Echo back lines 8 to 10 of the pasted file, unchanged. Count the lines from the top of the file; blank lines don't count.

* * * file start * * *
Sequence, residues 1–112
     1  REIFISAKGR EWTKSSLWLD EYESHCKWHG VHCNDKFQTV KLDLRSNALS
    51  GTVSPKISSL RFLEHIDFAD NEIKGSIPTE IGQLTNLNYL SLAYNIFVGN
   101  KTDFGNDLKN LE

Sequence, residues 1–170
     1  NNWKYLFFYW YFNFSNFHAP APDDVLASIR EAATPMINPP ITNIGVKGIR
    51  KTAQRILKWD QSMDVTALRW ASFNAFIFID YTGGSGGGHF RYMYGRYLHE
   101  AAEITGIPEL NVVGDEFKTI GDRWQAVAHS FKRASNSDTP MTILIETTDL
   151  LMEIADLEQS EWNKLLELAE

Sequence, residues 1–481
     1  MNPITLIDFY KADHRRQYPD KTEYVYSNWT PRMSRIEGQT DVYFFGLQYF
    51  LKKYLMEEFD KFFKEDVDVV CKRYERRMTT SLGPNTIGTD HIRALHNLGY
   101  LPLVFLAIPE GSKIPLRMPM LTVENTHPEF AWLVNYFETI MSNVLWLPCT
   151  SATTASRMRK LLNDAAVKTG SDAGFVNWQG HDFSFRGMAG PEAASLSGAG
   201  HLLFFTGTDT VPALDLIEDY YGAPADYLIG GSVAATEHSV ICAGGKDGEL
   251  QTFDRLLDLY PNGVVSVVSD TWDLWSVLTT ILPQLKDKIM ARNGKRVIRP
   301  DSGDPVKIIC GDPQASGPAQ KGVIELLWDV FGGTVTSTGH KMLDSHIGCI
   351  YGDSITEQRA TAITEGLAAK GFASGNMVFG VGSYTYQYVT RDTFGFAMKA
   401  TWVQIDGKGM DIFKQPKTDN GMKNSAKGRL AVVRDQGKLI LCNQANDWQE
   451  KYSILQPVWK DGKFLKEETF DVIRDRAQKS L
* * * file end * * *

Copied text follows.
   101  AAEITGIPEL NVVGDEFKTI GDRWQAVAHS FKRASNSDTP MTILIETTDL
   151  LMEIADLEQS EWNKLLELAE

Sequence, residues 1–481